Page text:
I am really anxious about our culture not because technology is evil, but because it feels like we lose God, and each other, the more we let it run our lives, and buy into its false promises of progress. Sounds more like regression to me.

Monday, October 12, 2009


Did you know that October is my favourite month? For real. I'm not sure what it is, but I've always found October to be a great month. Even during times when October has been terrible, I've chosen to believe it to be a great month - the greatest month - year after year after year. I think my love for October started when I was a teenager, listening to the U2 Best of 1980-1990 album, and hearing the 'secret song' come on. That was when I first fell in love with October. So, even if it's a tough month, I always choose to love October. We're twelve days in, and I'm choosing to love October.

and the trees are stripped bare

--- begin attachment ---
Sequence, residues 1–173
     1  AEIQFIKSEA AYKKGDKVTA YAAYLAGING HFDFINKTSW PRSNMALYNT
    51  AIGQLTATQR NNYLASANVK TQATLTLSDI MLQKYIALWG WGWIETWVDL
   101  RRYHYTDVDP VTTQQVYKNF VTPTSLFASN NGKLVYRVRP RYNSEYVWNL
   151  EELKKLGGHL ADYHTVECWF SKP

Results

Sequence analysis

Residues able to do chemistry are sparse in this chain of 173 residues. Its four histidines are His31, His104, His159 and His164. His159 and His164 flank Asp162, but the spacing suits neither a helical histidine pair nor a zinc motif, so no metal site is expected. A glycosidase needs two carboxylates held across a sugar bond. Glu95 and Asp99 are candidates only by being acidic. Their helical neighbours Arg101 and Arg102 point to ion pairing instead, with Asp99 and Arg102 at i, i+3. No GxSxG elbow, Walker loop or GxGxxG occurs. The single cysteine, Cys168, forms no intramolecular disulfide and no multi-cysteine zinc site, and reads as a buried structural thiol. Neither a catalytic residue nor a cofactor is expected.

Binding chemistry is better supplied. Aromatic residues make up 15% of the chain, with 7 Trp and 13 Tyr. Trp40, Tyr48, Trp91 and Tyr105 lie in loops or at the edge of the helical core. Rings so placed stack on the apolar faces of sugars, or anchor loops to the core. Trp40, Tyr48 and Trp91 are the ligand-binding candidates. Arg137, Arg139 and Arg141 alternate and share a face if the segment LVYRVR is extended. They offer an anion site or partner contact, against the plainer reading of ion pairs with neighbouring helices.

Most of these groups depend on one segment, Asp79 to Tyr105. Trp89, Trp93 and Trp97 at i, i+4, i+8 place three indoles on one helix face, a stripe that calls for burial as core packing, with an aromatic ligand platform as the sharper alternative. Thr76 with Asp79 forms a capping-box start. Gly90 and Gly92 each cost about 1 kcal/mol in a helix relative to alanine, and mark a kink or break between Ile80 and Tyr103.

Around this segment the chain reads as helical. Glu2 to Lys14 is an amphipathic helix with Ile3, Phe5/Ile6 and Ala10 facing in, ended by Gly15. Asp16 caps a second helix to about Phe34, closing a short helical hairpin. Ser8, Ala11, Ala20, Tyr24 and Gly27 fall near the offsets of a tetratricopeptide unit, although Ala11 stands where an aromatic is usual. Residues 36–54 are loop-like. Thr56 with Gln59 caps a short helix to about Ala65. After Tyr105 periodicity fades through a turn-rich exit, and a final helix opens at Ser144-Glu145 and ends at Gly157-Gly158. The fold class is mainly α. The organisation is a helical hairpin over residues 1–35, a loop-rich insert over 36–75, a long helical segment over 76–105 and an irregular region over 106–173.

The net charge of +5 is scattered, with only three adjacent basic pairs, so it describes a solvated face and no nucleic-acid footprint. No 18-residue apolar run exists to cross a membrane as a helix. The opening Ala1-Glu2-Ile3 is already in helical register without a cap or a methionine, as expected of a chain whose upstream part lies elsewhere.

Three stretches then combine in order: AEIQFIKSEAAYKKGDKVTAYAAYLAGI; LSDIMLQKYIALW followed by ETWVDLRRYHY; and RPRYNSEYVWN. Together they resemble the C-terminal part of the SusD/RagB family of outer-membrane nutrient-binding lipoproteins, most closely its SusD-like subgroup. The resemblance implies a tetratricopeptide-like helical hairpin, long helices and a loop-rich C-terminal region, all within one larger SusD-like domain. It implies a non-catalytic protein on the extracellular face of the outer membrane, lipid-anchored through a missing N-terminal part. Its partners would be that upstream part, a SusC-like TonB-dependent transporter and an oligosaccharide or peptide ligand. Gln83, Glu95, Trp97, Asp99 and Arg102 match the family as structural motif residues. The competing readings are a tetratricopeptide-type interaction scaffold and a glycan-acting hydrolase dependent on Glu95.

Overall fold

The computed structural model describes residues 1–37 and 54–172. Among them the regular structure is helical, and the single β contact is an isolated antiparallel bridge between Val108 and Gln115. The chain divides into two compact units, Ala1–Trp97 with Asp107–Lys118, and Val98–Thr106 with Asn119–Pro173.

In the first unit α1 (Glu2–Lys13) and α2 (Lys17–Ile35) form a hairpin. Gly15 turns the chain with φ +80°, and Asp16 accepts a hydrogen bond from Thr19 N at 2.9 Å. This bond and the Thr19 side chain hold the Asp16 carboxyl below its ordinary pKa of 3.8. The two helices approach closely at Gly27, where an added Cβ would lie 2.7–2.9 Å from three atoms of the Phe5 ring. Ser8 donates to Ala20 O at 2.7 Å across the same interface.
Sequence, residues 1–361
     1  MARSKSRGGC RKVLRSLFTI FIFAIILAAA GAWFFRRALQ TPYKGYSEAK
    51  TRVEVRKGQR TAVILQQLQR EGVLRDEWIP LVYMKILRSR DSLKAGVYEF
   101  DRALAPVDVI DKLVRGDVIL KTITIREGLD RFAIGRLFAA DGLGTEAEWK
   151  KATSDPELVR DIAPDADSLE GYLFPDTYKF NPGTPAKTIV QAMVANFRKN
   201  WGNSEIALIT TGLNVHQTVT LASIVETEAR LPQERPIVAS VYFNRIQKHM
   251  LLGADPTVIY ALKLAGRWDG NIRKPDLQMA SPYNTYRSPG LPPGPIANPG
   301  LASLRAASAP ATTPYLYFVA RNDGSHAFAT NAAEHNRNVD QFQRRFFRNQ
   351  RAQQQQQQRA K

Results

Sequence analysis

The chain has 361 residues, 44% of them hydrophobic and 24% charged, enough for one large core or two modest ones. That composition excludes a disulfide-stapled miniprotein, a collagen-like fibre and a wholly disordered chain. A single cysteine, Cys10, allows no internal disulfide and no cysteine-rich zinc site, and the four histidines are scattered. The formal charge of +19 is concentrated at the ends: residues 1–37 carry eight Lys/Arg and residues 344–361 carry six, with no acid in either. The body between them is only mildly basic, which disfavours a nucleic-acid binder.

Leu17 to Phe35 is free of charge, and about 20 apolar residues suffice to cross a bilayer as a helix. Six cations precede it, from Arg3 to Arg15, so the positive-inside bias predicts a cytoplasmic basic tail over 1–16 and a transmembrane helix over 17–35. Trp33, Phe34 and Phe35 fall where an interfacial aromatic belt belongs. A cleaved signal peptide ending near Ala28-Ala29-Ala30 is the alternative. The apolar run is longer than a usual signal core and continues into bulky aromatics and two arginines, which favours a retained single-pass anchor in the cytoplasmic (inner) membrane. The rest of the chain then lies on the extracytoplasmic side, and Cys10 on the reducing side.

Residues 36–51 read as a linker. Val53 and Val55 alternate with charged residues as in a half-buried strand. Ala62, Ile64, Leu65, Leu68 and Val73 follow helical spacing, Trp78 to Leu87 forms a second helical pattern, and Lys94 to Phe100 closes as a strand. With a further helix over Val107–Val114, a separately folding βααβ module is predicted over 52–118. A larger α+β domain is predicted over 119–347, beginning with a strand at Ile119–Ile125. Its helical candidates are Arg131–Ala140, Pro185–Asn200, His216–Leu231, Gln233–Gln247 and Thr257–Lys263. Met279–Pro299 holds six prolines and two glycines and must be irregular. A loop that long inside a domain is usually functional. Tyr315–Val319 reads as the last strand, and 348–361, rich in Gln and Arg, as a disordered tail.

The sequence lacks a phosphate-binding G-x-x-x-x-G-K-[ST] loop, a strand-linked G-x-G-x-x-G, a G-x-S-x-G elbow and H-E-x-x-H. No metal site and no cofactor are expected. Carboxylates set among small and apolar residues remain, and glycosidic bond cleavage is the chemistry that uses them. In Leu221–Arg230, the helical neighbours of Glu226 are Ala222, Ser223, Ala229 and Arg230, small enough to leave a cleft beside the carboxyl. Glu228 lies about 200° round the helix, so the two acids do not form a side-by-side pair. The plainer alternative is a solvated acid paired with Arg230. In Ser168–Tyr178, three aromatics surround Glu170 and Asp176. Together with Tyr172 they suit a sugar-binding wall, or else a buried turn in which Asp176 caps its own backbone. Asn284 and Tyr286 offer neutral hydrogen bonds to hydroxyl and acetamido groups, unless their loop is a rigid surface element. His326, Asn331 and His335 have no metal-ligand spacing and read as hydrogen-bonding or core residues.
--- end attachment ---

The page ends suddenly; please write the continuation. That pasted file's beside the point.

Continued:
of all they wear.
Why do I care?

and kingdoms rise,
and kingdoms fall,
but you go on,
and on.

Saturday, October 10, 2009

Grace + Dinner

If you've been following this blog for the last while, you might be one of those folks who have followed the "Letter of Grace" serial of sorts. If you're one of those people you might have wondered what ever happened to it. Well here's the scoop.

The piece was half finished when I first started posting, and I was finishing it as I went along. I have a few more pages beyond my last posting, but the last two pages or so still need to be completed. I had my mind set on finishing them near the end of September/beginning of October; however, sometimes things enter into a writer's life that swallow his or her ability to continue a story, as if that ability was a morsel that gives a story sustenance. I have encountered a devourer. As such, my plate has been wiped clean before I was able to finish the meal.

I have not gotten up from the table, but know that it may be a few weeks before a fresh meal arrives on my plate, and my ability to sit down and write the final pages returns. So I'll be patient. I know how the story ends. At some point you will know how the story ends. The image of grace hasn't changed - the image yet to be revealed in its fullness - but these fingers are unable to type on an empty stomach... for the time being. Thanks for your patience.